The governing Fine Gael party has been accused of corruption over its links with businessman Denis O’Brien in a heated Dail debate.
The Dublin parliament today discussed the report of the 14-year Moriarty Tribunal into political corruption for the first time.
Moriarty condemned former the relationship of Fine Gael and its then Minister for Communication, Michael Lowry, with businessman Denis O’Brien, who reaped an enormous profit when his company was awarded a lucrative mobile-phone licence by Lowry in the 1990s. It directly accused Lowry, who remains a an independent TD in the Dail, of corrupt practices.
Questioning the Taoiseach and Fine Gael leader Enda Kenny, socialist Joe Higgins pointed to the sponsorship of a Fine Gael golf event by Denis O’Brien, which he said amounted to a corruption of that government.
“Two months before awarding the most valuable contract in the history of this state by Fine Gael in government; the private individual that was desperately looking for it was lubricating the throats of Fine Gael grandees,” Mr Higgins said.
“Isn’t it obvious to everybody that it was to lubricate the license process, that this was all about.
“Is there any way to describe this other than a corruption of government and a peddling of government by you in Fine Gael from funds from big business.”
Kenny, who was a member of the cabinet at the time the decision to award the licence was made, denied his party was corrupt. He vowed to take “decisive action” in response to the report, and insisted that cabinet ministers had been exonerated.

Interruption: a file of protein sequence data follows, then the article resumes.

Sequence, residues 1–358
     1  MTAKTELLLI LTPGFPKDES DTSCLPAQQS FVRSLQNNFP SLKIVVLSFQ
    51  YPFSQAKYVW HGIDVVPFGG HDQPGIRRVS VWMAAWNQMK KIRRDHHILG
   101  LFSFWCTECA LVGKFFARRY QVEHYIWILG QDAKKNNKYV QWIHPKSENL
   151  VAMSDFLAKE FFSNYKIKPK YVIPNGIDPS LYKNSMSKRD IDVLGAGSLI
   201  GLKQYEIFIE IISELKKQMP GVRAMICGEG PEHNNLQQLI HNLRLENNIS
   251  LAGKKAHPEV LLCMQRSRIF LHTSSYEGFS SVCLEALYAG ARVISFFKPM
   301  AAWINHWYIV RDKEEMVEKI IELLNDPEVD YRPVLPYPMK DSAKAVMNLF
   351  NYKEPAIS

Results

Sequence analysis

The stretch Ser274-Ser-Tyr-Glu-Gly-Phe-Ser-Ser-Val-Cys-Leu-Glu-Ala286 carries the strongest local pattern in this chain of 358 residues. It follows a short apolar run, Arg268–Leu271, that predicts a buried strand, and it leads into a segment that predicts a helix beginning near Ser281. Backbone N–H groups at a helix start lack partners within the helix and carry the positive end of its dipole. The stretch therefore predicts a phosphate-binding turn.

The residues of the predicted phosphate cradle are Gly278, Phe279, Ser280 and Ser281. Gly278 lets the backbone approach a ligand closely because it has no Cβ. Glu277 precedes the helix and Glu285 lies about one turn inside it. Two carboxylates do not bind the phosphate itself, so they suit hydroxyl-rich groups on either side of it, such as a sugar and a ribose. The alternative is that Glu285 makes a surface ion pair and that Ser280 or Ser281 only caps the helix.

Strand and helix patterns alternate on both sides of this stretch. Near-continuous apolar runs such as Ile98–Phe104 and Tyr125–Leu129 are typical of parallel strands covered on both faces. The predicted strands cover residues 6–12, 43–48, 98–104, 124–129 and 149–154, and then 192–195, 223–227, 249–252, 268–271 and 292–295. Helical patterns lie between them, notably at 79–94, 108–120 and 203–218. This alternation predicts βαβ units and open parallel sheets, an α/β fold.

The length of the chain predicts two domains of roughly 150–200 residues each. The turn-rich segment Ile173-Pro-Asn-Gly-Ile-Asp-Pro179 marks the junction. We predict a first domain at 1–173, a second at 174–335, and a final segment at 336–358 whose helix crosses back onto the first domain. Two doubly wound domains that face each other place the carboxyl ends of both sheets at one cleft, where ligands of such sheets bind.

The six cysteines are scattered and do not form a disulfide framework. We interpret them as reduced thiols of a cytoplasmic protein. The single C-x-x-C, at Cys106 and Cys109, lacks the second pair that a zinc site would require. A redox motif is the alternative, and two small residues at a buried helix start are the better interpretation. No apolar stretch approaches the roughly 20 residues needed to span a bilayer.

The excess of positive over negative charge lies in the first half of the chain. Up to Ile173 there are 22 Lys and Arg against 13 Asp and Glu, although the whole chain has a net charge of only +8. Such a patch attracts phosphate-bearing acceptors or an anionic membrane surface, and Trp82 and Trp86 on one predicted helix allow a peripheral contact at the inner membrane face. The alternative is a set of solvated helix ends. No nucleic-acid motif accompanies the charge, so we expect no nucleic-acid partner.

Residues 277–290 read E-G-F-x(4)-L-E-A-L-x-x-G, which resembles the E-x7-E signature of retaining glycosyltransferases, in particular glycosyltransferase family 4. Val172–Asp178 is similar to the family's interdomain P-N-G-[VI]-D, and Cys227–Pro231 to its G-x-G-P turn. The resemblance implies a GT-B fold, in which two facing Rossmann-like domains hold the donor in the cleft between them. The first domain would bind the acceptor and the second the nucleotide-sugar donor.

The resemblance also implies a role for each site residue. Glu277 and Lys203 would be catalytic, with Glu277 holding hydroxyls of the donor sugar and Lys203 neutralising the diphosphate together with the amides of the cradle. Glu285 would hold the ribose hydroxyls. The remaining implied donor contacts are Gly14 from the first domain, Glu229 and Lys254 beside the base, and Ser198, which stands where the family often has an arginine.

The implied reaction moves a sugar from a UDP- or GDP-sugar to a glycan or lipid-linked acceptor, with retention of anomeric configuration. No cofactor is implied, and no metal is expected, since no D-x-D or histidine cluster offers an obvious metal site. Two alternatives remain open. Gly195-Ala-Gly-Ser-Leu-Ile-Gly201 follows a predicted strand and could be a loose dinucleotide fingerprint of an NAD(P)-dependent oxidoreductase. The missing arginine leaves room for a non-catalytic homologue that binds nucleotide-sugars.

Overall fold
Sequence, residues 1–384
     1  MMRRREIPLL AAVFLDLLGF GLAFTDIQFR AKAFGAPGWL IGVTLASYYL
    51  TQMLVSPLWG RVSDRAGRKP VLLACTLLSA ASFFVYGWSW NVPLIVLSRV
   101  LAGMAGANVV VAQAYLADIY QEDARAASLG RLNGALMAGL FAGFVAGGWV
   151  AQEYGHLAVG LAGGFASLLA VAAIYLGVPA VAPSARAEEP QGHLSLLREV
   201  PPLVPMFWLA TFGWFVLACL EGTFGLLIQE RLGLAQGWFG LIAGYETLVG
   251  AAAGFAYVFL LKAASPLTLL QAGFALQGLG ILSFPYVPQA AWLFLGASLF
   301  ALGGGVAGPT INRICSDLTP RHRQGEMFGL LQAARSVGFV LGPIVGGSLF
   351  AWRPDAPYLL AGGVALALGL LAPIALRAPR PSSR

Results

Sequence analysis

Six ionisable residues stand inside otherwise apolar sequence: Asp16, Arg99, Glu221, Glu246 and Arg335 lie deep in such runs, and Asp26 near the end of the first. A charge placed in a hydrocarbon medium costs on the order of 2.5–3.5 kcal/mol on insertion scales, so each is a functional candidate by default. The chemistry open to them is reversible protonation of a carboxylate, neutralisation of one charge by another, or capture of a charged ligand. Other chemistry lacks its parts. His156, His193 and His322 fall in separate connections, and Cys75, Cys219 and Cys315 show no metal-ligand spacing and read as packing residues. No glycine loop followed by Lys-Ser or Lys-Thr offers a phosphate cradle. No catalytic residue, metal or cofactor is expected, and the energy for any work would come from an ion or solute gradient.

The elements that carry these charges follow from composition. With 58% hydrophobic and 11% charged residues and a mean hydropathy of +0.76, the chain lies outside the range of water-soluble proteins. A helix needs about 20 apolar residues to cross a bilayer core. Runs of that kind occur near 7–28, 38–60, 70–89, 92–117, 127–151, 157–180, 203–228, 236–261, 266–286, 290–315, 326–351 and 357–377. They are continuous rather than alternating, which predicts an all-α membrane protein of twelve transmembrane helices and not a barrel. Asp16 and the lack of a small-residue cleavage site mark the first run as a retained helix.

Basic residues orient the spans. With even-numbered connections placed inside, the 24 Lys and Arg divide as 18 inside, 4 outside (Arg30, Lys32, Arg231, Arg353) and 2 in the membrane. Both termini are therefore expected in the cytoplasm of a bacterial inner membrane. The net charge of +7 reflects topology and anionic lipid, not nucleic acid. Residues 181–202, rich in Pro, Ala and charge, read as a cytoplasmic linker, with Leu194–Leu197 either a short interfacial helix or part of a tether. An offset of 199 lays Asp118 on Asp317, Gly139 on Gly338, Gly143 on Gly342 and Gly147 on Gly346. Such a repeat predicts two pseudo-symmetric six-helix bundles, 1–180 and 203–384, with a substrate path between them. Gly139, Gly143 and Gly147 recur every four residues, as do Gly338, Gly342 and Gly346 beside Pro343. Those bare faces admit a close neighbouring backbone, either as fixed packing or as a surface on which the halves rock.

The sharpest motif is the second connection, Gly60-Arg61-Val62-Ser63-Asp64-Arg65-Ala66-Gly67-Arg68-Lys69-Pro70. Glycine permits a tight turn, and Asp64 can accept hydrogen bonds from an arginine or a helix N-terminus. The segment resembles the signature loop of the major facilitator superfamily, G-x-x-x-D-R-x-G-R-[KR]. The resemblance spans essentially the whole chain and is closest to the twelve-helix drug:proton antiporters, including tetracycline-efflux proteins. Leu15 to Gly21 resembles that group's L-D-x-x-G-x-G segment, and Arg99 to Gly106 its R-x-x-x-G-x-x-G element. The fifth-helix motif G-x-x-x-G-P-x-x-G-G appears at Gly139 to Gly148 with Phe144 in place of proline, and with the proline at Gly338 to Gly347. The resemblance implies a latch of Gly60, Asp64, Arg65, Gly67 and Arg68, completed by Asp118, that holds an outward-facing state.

Mr Kenny also said his party was acting on legal advice when it failed to disclose a donation of $50,000 from O’Brien’s Telenor to Fine Gael. He declared his government would consider “further direct action to sever the links between politics and business once and for all.”
Sinn Fein is to call on the coalition government to lay down a motion of censure against Mr Lowry.
“In my own view whatever Michael Lowry is guilty or not guilty of, what we are dealing with is a culture of corruption,” Sinn Fein leader Gerry Adams said today.
“It is an insight into how the golden circles function. The government are preventing, totally contrary to their stated views, any serious debate or discussion on these issues.”
Sinn Fein also today published a Dail motion calling for abolition of Universal Social Charge, a flat tax introduced by the previous government. Everyone with an income above 16,016 euro pays the tax at the same rate of 7%.
Sinn Fein is calling on the Government to abolish the Universal Social Charge and to ensure that all taxes and social insurance contributions are raised progressively so that those who have the most pay the most.
Sinn Fein Deputy Mary Lou McDonald said the USC “breaches the fundamental principal of progressive taxation - that those who have more should pay more.”
“Rather than target wealth and ensure that those who could afford to pay more did, Fianna Fail and the Greens went after those earning as little as 77 euro a week. Fine Gael and the Labour Party continue to implement this flawed and unfair policy.
“This tax does not matter a damn to the bankers, those earning over 100,000 euro a year or individuals who benefit from huge tax breaks. The people taking the hit with the Universal Social Charge are the teenagers doing the paper round, the college students in casual jobs and the mothers in part-time work. How can this be described as fair?
“I am asking all those who claim to oppose this unjust flat tax and who campaigned on a platform of ‘change’ in the recent election to put their money where their mouth is - support the Sinn Fein motion on Tuesday and abolish the Universal Social Charge”.